Prabhu (born 27 December 1956) is an Indian film actor, businessman and film producer who has predominantly appeared in Tamil language films. He is the son of veteran actor Sivaji Ganesan, while his son Vikram Prabhu is also a Tamil actor.
27 December 1956
|Alma mater||Loyola College, Chennai|
|Occupation||Actor, film producer|
|Children||Vikram Prabhu (b.1986)|
|Parent(s)||Sivaji Ganesan (father)|
|Relatives||Ramkumar Ganesan (brother)|
After making his debut in Sangili (1982), the actor has played a series of leading and supporting roles, earning the Best Actor award recognition by the Tamil Nadu state for his portrayal in Chinna Thambi (1992). He has worked in more than 200 films as lead roles, supporting roles in Tamil, Telugu, Malayalam and Kannada languages.
After leaving Bishop Cotton Boys' School in Bangalore, Prabhu got involved in film production as an executive producer and worked alongside his uncle and mentor V. C. Shanmugam, who insisted that Prabhu learnt the film making process through a disciplined way, giving him general tasks such as pulling up chairs for artistes. Prabhu's father, actor Sivaji Ganesan, had initially expressed reluctance in allowing Prabhu to pursue an acting career, but through his work in the industry, he began to receive offers from film-makers to feature in their films.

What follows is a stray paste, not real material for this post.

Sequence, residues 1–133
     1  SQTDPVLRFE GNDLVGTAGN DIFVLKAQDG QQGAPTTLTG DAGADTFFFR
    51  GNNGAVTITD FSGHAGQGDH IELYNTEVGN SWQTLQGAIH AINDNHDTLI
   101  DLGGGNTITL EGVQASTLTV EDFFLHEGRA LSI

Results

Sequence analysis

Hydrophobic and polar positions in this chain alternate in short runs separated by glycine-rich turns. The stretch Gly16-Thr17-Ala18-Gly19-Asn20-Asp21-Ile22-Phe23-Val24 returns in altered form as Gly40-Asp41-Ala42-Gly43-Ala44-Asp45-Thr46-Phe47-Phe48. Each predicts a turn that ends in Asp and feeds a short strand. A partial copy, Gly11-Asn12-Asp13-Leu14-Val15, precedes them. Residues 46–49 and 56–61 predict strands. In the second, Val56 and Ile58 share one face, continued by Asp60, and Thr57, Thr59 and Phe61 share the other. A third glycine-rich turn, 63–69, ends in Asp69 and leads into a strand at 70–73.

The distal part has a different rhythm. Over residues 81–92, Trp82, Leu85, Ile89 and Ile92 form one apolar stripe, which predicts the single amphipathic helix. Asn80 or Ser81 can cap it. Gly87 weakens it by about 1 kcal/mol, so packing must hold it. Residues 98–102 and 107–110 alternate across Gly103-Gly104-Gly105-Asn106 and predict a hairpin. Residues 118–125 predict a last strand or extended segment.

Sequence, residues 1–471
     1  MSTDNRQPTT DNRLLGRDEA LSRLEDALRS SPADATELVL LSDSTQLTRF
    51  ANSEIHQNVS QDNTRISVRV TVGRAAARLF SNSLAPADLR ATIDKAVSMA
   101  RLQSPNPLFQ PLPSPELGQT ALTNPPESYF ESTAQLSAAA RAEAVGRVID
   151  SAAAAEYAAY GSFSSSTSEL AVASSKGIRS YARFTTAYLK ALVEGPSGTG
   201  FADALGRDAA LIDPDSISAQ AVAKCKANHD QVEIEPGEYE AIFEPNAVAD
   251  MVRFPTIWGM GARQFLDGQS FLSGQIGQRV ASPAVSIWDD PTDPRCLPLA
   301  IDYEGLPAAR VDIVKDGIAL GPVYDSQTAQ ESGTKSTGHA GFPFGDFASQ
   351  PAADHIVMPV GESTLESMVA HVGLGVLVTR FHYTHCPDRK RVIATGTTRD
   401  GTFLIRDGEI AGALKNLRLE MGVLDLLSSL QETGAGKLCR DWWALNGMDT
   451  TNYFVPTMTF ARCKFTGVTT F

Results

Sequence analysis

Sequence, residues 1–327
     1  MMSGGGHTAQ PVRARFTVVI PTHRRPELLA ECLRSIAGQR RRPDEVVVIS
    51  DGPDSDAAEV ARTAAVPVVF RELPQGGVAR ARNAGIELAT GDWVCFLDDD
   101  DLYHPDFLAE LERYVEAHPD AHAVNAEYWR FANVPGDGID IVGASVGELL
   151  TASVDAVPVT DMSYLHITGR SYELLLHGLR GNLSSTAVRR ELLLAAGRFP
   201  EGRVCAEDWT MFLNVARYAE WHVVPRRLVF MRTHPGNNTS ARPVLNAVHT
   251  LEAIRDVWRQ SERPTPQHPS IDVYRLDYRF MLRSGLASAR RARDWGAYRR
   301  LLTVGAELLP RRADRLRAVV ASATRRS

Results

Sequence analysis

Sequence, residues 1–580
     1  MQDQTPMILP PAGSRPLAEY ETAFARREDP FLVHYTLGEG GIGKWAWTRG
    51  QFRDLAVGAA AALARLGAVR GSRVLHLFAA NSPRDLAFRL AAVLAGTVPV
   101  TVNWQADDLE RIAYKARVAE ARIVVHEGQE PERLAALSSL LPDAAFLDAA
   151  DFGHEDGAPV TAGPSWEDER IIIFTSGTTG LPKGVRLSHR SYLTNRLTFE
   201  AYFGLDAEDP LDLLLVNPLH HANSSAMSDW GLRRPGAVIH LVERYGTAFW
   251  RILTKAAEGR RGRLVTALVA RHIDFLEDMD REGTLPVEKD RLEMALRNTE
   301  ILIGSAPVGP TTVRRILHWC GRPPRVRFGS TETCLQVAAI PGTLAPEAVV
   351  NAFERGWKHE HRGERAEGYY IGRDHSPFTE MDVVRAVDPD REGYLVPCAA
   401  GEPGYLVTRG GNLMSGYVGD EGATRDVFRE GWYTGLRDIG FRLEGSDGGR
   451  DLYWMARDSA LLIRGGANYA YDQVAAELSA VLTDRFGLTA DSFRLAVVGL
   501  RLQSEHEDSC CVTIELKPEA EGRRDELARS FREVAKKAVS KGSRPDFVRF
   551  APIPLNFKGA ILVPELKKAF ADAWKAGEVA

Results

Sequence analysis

He subsequently made his acting debut in C. V. Rajendran's Sangili (1982), a remake of the Hindi film Kalicharan, where he was cast in a supporting role. By the time Sangili released, Prabhu was working on six films, including Charuhasan's Pudhiya Sangamam and Gangai Amaren's romantic film Kozhi Koovuthu, which became his first commercially successful venture. After featuring in about thirty films, including nineteen with his father including Neethibathi (1983), Sandhippu (1983) and Miruthanga Chakravarthi (1983), Prabhu's career graph registered a drop and he began to reconsider the type of films he had signed. He opted against featuring in films co-starring his father and consciously began to choose subjects rather than accept as many offers as possible.
Among the first films he signed after taking the break included G. M. Kumar's Aruvadai Naal (1986) and Manivannan's Paalaivana Rojakkal, alongside Sathyaraj, both proving successful. Subsequently, the following period saw a series of commercial successes in 1988 for the actor, notably S. P. Muthuraman's Guru Sishyan with Rajinikanth, Mani Ratnam's Agni Natchathiram with Karthik and P. Vasu's family drama En Thangachi Padichava. The success of the latter film prompted more successful collaborations in the same genre between Prabhu and Vasu with Chinna Thambi (1991) and Senthamizh Pattu (1992) also receiving a similar reception, with the actor earning the Best Actor award recognition by the Tamil Nadu state.